Welser-Möst, and Claudio Abbado. Since then, Mr. Capuçon has
established himself as a soloist at the very highest level. He performs with leading orchestras such as the Berliner Philharmoniker, Boston Symphony, Chamber Orchestra of Europe, Filarmonica della Scala, London Symphony Orchestra (LSO), New York Philharmonic, Vienna Philharmonic (VPO), Orchestre de Paris, Orchestre National de France, and Orchestre Philharmonique de Radio France.
A great commitment to chamber
music has led him to collaborations with many musicians including his brother, cellist Gautier Capuçon, and have taken him to the Berlin, Lucerne, Verbier, Aix- en-Provence, Roque d’Anthéron, San Sebastián, Stresa, Salzburg, Edinburgh International, and Tanglewood festivals. Mr. Capuçon has also represented France at some of the world’s most prestigious international events: in 2018–19 he performed with Yo-Yo Ma under the Arc de Triomphe for the official commemoration of Armistice Day in the presence of more than 80 heads of state, and played for world leaders at the G7 Summit in Biarritz. He is the artistic director of two festivals, the Sommets Musicaux de Gstaad, since 2016, and the Easter Festival in Aix-en- Provence, which he founded in 2013.
He has built an extensive discography and records exclusively with Erato/Warner Classics. His album Au Cinema, featuring much loved selections from film music, was released to critical acclaim in October 2018.
In 2017, Mr. Capuçon founded a
new ensemble, the Lausanne Soloists, comprised of current and former students of the Haute École de Musique
de Lausanne, where he has held a professorship since 2014. He plays the Guarneri del Gesù “Panette” (1737), which belonged to Isaac Stern. In June 2011 he was appointed Chevalier dans l’Ordre National du Mérite and in March 2016 Chevalier de la Légion d’honneur by the French Government.
This evening’s performance marks the fourth performance by the Budapest Festival Orchestra and the fifth performance by Maestro Iván Fischer under UMS auspices. The Orchestra and Maestro Fischer made their UMS debuts in February 1997 at Hill Auditorium in a program of Brahms and Bartók. They most recently appeared together in February 2017 in Hill Auditorium with pianist Richard Goode and the UMS Choral Union. UMS welcomes violinist Renaud Capuçon as he makes his UMS debut tonight.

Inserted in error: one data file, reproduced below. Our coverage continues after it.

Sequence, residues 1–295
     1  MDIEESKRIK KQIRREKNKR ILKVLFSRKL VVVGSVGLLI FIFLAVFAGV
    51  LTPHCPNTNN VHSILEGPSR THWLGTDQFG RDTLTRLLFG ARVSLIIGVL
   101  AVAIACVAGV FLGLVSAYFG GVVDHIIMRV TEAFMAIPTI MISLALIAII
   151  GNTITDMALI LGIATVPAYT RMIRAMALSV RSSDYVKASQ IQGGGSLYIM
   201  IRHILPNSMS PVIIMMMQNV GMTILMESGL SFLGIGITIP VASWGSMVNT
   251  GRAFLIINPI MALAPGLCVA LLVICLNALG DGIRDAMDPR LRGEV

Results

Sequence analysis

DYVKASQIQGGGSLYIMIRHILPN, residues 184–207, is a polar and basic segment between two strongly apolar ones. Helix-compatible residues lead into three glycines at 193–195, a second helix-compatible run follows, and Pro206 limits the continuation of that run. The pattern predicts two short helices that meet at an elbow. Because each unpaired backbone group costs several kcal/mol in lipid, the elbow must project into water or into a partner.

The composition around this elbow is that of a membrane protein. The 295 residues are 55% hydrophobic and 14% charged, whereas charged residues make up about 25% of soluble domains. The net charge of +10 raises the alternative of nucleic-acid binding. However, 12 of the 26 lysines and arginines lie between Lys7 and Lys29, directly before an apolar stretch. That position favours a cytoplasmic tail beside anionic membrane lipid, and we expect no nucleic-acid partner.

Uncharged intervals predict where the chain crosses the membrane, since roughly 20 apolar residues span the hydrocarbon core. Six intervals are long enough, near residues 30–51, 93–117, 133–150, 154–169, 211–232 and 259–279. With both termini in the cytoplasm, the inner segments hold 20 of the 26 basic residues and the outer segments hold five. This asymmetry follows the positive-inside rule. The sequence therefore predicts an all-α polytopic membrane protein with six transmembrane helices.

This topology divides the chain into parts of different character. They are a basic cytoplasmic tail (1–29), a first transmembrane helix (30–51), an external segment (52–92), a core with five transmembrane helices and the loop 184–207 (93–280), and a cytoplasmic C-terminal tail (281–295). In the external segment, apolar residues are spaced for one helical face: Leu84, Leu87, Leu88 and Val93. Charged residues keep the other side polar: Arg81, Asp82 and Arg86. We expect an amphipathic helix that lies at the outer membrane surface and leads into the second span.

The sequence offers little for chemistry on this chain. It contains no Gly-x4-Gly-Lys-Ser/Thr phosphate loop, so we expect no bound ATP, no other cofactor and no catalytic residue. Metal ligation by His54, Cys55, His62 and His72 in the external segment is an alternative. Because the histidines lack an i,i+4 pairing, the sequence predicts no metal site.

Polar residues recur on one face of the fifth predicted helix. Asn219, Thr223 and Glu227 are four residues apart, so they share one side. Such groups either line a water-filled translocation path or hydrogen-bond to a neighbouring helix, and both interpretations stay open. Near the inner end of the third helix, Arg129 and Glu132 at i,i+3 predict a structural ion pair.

BUDAPEST FESTIVAL ORCHESTRA
Iván Fischer / Conductor and Music Director
Tamás Major Violetta Eckhardt Ágnes Bír
Mária Gál-Tamási Radu Hrib
Péter Kostyál Eszter Lesták Bedő Gyöngyvér Oláh Gábor Sipos
Csaba Czenke Emese Gulyás Balázs Bujtor
Györgyi Czirók Tibor Gátay Krisztina Haják Zsófia Lezsák Levente Szabó Zsolt Szefcsik Antónia Bodó Noémi Molnár Anikó Mózes Zsuzsanna Szlávik Gabriella Nagy Emma Gibout Erika Kovács
Ferenc Gábor Csaba Gálfi
László Bolyki Cecília Bodolai Zoltán Fekete Barna Juhász Nikoletta Reinhardt
Nao Yamamoto István Rajncsák Miguel Erlich Miklós Bányai István Polónyi
Antoaneta Emanuilova Lajos Dvorák
György Kertész Gabriella Liptai Kousay Mahdi
Sinead O’halloran Guilherme Monegatto
Zsolt Fejérvári Attila Martos Károly Kaszás Géza Lajhó László Lévai Csaba Sipos Alajos H. Zováthy Naomi Shaham
Gabriella Pivon Anett Jóföldi
Johannes Grosso Eva Neuszerova Marie-Noëlle Perreau
Ákos Ács Rudolf Szitka
Bence Bogányi Dániel Tallián Sándor Patkós
Zoltán Szőke András Szabó Dávid Bereczky Zsombor Nagy
Tamás Pálfalvi Tamás Póti Zsolt Czeglédy
Balázs Szakszon Attila Sztán Csaba Wagner
László Herboly István Kurcsák Iris Van Den Bos
Orsolya Erdődy / Deputy Managing Director
Bence Pócs / Tour Manager Ivett Wolf / Tour
Coordinator Róbert Zentai / Stage
Sándor Kathi / Technician
THANK YOU TO SUPPORTERS OF TONIGHT’S PERFORMANCE
MAY WE ALSO RECOMMEND...
2/26 West-Eastern Divan Ensemble
4/5 Apollo’s Fire and Chorus: J.S. Bach’s St. Matthew Passion 4/23 Chineke! Orchestra
Tickets available at www.ums.org.
ON THE EDUCATION HORIZON...
3/13 UMS 101: Jazz — Tarek Yamani Trio
(Michigan League, Michigan Room, 6:00–7:30 pm)
Paid registration required at http://bit.ly/UMSClasses (case sensitive).
3/18 Post-Performance Artist Q&A: ANTHEM
Jam Handy, 2900 E. Grand Boulevard, Detroit
Must have a ticket to that evening’s performance to attend.
4/23 UMS 101: Classical Music — Chineke! Orchestra
(Hill Auditorium Mezzanine Lobby, 6:00–7:30 pm)
Paid registration required at http://bit.ly/UMSClasses (case sensitive).
Educational events are free and open to the public unless otherwise noted.
University Musical Society